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The answer in this question gives an example for the statement

product of two invertible diagonalizable matrices is not diagonalizable.

My question is:

Are there some conditions, perhaps on the eigenvalues and eigenvectors of matrices, under which the product of two invertible diagonalizable matrices is diagonalizable?

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If two matrices $\;A,B\;$ are simultaneously diagonalizable (and thus they commute, for example), we get $$\begin{cases}A=P^{-1}D_1P\\{}\\B=P^{-1}D_2P\end{cases}\;\;\;\implies AB=P^{-1}D_1D_2P$$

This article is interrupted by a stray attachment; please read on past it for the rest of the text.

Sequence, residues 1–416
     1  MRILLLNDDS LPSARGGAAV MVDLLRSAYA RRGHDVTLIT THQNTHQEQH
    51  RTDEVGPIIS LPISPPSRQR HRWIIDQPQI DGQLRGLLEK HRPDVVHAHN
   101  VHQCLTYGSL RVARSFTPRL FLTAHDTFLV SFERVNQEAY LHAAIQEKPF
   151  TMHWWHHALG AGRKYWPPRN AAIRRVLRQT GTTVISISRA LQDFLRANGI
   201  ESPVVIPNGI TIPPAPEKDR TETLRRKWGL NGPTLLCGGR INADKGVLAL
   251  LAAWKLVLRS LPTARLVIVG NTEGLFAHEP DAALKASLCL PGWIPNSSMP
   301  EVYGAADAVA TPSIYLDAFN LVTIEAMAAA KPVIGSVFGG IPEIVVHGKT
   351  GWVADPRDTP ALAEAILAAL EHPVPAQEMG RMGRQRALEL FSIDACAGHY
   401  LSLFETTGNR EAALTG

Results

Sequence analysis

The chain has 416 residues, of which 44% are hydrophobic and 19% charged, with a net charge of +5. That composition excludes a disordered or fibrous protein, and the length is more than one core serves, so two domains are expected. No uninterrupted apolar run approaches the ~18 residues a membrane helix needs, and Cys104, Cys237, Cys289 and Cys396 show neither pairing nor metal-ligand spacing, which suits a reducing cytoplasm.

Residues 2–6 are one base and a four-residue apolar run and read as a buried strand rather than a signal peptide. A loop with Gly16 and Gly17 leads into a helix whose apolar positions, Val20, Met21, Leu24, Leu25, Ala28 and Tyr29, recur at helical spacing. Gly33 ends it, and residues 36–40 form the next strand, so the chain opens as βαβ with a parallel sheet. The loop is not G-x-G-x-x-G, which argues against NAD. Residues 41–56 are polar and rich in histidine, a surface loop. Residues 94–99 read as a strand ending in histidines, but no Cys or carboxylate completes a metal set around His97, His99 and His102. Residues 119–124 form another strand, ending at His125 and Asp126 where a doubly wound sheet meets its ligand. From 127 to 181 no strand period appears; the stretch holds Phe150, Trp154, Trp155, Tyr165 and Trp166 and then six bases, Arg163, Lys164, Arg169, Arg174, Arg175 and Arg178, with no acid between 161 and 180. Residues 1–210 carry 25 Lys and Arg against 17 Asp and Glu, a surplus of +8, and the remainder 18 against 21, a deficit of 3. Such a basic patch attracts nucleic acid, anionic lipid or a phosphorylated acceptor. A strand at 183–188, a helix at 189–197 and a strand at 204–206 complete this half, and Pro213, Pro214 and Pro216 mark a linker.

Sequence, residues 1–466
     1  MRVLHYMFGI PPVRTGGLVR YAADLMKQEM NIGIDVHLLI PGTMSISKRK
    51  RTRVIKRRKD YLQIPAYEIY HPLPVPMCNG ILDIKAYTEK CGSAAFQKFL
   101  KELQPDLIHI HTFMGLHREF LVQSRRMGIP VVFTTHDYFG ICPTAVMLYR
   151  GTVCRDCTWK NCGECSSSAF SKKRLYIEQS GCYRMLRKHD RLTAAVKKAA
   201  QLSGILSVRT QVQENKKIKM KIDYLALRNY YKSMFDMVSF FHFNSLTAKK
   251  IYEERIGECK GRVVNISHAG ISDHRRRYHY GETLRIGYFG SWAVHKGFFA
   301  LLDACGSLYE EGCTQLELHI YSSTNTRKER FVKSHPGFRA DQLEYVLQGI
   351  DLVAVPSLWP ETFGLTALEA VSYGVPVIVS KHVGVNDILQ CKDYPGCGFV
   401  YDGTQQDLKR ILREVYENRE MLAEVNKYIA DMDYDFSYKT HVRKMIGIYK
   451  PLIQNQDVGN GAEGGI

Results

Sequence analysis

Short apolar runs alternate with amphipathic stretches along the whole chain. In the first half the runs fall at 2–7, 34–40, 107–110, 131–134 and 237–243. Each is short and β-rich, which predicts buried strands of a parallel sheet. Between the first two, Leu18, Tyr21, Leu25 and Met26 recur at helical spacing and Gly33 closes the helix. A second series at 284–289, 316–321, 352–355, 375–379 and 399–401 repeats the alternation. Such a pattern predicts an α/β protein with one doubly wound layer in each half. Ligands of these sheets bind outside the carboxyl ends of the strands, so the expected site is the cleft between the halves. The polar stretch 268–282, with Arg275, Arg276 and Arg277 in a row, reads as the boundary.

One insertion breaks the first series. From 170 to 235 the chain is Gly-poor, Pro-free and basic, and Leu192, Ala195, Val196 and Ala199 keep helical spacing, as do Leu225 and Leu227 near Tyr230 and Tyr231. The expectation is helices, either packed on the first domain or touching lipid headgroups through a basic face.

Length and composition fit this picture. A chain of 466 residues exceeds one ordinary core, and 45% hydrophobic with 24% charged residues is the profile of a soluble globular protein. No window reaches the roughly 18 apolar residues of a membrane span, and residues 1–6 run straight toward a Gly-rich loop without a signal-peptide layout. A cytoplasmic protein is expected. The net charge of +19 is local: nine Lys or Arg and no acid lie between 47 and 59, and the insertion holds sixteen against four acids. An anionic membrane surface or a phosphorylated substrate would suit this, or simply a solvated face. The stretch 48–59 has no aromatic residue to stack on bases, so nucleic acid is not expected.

and clearly $\;D_1D_2\;$ is also diagonal.

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If you want to diagonalize a matrix using unitary operators, then it must be normal, i.e.

$A=UDU^\dagger$ if and only if $AA^\dagger = A^\dagger A$.

For your question, you would require that the product is normal:

$AB(AB)^\dagger=(AB)^\dagger AB$,

i.e., $ABB^\dagger A^\dagger = B^\dagger A^\dagger A B$

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